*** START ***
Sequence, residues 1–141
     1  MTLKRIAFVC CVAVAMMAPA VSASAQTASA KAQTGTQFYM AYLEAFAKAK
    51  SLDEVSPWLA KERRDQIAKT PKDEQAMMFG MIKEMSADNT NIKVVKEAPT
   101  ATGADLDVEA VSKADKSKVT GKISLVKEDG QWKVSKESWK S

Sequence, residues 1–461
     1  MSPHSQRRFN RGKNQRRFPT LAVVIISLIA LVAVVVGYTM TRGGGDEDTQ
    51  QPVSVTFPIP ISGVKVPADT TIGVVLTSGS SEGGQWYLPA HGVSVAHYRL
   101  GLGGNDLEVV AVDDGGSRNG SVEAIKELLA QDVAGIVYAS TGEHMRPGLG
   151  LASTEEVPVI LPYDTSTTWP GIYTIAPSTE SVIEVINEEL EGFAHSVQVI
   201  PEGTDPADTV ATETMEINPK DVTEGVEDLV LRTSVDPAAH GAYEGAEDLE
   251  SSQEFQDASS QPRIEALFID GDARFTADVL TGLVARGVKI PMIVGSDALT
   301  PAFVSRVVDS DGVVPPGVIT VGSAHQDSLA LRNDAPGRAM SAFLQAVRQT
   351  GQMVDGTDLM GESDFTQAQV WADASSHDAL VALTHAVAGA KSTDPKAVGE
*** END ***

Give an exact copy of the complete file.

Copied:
Sequence, residues 1–141
     1  MTLKRIAFVC CVAVAMMAPA VSASAQTASA KAQTGTQFYM AYLEAFAKAK
    51  SLDEVSPWLA KERRDQIAKT PKDEQAMMFG MIKEMSADNT NIKVVKEAPT
   101  ATGADLDVEA VSKADKSKVT GKISLVKEDG QWKVSKESWK S

Sequence, residues 1–461
     1  MSPHSQRRFN RGKNQRRFPT LAVVIISLIA LVAVVVGYTM TRGGGDEDTQ
    51  QPVSVTFPIP ISGVKVPADT TIGVVLTSGS SEGGQWYLPA HGVSVAHYRL
   101  GLGGNDLEVV AVDDGGSRNG SVEAIKELLA QDVAGIVYAS TGEHMRPGLG
   151  LASTEEVPVI LPYDTSTTWP GIYTIAPSTE SVIEVINEEL EGFAHSVQVI
   201  PEGTDPADTV ATETMEINPK DVTEGVEDLV LRTSVDPAAH GAYEGAEDLE
   251  SSQEFQDASS QPRIEALFID GDARFTADVL TGLVARGVKI PMIVGSDALT
   301  PAFVSRVVDS DGVVPPGVIT VGSAHQDSLA LRNDAPGRAM SAFLQAVRQT
   351  GQMVDGTDLM GESDFTQAQV WADASSHDAL VALTHAVAGA KSTDPKAVGE